What you need to know about GDPR
In April, the European Parliament adopted the norms of the General Data Protection Regulation (GDPR). Companies doing business in the EU countries and processing personal data of their citizens must meet the relevant requirements by May 25, 2018. The requirements have been agreed upon by all 28 EU countries, which means that companies must comply with unified standards within the EU that are exceptionally high, and most companies will need significant investments in implementing the necessary measures. (Also applies to many Russian companies, which may even be unaware of it; for example, the domestic online store can be the “operator” of customer data visited his EU citizen and therefore should properly handle, store and protect them -. Note Ed.)
The GDPR contains 99 articles that define the requirements and rights granted to EU citizens, the operations and the structure of regulations and penalties. The most significant impact on the business will have several articles.
ARTICLE 5. PROCESSING AND STORAGE OF PERSONAL DATA
All personal data must be processed transparently, in accordance with applicable laws and for the purposes determined by their owners. Data can be stored “in a form that allows them to identify their subject no longer than is necessary for the purposes in which personal data is processed.” All personal data must be processed in accordance with the requirements for security and protection against unauthorized access, loss, and damage, using the appropriate technical and organizational means. These funds are not regulated, but if the data is lost or stolen, the company can be accused of non-compliance with regulatory requirements.
ARTICLES 6, 7, 8. CONSENT
The processing of personal data must be carried out in accordance with the requirements of legislation; each individual must consent to the use of his personal data. The collected data should be needed to perform tasks or transactions initiated by the individual. The exception is made by the requests of the state authorities.
ARTICLE 15. THE RIGHT OF ACCESS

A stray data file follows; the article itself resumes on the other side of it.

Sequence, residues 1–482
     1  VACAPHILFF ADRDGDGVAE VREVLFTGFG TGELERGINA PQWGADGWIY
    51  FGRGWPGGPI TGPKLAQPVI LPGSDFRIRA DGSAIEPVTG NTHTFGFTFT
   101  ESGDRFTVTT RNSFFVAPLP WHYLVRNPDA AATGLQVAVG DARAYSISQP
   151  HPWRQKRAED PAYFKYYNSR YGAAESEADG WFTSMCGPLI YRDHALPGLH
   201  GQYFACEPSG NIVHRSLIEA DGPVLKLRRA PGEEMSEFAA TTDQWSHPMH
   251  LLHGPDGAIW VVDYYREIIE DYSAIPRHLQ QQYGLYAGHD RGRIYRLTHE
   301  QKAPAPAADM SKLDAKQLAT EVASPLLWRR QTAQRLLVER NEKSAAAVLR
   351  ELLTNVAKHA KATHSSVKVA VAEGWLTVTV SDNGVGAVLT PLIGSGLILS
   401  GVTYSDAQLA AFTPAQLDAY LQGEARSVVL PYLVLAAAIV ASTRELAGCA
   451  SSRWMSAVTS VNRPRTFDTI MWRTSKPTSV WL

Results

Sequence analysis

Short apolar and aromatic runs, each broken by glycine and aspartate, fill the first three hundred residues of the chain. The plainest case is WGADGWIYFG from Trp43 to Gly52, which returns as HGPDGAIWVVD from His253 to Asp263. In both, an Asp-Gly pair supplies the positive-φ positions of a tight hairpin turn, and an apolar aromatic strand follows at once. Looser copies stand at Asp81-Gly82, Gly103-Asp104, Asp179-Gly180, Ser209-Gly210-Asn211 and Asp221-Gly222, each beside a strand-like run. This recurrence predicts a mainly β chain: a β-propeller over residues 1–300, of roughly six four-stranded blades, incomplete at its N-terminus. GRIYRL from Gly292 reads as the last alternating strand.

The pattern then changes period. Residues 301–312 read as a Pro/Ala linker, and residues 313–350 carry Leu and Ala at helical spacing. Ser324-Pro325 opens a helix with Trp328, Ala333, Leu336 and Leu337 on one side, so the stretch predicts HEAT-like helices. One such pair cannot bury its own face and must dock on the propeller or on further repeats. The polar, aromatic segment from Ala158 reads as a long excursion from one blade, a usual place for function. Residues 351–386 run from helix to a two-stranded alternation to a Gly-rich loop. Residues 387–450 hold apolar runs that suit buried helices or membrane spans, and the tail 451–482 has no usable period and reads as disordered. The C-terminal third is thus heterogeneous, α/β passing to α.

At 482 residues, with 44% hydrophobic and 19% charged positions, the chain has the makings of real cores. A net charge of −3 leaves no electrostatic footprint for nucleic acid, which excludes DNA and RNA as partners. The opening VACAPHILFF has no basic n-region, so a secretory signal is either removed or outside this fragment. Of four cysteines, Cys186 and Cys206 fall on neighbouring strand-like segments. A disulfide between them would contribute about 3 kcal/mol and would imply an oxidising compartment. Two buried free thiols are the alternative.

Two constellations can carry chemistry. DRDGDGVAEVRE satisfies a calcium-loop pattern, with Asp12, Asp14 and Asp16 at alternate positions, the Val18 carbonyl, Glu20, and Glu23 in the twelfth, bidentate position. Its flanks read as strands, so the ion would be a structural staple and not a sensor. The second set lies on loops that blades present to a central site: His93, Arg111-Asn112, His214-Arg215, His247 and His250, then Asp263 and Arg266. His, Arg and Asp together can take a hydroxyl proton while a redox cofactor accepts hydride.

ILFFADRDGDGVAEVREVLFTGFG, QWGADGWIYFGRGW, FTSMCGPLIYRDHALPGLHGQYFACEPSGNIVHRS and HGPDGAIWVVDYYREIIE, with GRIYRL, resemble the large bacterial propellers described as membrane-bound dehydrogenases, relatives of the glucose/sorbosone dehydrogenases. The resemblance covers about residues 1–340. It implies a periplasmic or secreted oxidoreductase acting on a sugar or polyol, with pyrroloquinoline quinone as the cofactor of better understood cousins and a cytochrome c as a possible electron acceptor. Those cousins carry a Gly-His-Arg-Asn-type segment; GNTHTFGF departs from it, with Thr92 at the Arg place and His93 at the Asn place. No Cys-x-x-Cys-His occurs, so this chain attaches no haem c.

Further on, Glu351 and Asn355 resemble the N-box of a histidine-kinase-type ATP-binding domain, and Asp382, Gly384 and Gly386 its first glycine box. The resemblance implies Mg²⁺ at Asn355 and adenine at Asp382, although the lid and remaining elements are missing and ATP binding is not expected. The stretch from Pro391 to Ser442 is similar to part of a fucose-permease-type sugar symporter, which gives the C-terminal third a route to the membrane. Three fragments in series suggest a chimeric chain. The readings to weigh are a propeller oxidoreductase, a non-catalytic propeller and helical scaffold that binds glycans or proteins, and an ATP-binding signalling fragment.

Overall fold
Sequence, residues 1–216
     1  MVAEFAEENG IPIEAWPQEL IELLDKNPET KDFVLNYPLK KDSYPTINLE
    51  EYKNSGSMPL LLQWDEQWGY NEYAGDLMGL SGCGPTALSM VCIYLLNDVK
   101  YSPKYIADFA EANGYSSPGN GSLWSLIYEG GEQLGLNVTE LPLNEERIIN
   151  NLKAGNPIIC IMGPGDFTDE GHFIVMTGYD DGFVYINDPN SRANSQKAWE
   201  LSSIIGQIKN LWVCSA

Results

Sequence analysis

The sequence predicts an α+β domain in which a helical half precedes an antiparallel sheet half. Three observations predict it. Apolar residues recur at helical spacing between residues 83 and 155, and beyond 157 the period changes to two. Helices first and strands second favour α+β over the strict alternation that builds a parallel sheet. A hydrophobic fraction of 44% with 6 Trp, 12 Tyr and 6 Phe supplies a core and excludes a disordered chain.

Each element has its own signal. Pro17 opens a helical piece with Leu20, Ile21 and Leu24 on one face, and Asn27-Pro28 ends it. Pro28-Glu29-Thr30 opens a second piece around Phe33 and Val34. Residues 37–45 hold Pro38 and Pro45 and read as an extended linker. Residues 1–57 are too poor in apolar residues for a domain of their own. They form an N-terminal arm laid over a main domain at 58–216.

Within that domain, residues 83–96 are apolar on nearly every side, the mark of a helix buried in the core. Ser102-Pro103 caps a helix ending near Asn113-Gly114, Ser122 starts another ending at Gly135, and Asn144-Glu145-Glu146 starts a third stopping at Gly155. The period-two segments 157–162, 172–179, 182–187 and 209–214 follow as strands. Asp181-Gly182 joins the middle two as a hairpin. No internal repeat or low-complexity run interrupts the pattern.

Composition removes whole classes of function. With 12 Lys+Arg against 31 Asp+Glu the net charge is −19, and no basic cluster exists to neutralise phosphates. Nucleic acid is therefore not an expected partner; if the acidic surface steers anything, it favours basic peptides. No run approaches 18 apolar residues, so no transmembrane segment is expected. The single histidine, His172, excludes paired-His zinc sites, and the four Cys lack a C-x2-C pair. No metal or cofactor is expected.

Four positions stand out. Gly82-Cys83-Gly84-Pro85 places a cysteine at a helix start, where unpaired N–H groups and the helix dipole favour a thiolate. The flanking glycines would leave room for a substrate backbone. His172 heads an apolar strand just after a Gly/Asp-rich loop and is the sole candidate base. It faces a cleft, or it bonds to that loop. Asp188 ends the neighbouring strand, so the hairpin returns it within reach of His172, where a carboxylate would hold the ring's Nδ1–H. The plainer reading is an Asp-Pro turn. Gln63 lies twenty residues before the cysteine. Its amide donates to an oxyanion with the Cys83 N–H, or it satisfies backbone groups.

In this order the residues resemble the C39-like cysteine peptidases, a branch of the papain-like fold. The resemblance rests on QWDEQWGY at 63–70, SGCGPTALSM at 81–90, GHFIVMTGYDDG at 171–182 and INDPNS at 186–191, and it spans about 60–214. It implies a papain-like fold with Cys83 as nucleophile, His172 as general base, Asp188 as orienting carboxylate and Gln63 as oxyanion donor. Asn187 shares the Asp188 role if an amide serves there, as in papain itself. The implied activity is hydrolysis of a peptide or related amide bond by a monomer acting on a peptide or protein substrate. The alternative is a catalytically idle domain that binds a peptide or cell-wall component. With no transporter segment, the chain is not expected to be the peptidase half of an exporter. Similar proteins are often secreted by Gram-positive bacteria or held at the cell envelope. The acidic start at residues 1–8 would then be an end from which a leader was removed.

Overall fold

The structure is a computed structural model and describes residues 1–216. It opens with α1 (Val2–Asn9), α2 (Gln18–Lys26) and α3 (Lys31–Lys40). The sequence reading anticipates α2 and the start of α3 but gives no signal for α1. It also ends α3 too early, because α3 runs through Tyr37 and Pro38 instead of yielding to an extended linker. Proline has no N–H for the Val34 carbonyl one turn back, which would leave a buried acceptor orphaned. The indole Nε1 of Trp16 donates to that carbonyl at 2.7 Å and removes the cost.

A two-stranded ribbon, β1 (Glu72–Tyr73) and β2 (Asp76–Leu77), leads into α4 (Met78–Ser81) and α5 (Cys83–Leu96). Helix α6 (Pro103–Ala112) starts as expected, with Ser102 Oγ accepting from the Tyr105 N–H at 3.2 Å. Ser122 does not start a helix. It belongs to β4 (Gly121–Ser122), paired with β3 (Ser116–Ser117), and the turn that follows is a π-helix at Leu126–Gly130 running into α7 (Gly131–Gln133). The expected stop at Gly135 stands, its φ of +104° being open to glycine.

Citizens of the countries of the European Union have the right to know what personal data the company stores and how they are used.
ARTICLE 17. RIGHT TO PROTECT AND DESTROY THE DATA
Citizens of the countries of the European Union have the right to demand the termination of the processing and removal of their personal data upon the first request.
ARTICLE 20. THE RIGHT TO TRANSFER THE DATA
Citizens of the countries of the European Union have the right to transfer their personal data from one company to another on request.
ARTICLES 25, 32. PROTECTION OF DATA
Companies must provide citizens of the countries of the European Union with a reasonable level of data protection and confidentiality.
ARTICLE 35. EVALUATION OF EXPOSURE
Companies should assess the impact of data protection in order to identify risks for citizens of the countries of the European Union. The assessment should indicate how the company intends to manage these risks.
ARTICLES 37, 38, 39. RESPONSIBLE FOR PROTECTION OF DATA
In some companies, it is necessary to establish the position of a data protection officer who will monitor the implementation of the security strategy and compliance with the GDPR. Responsible should be appointed if the company processes or stores large amounts of data on EU citizens, processes or stores special personal data, regularly monitors data subjects or refers to public authorities.
ARTICLE 83. PENALTY SANCTIONS
A company may be fined € 20 million or 4% of the global annual turnover, whichever is greater.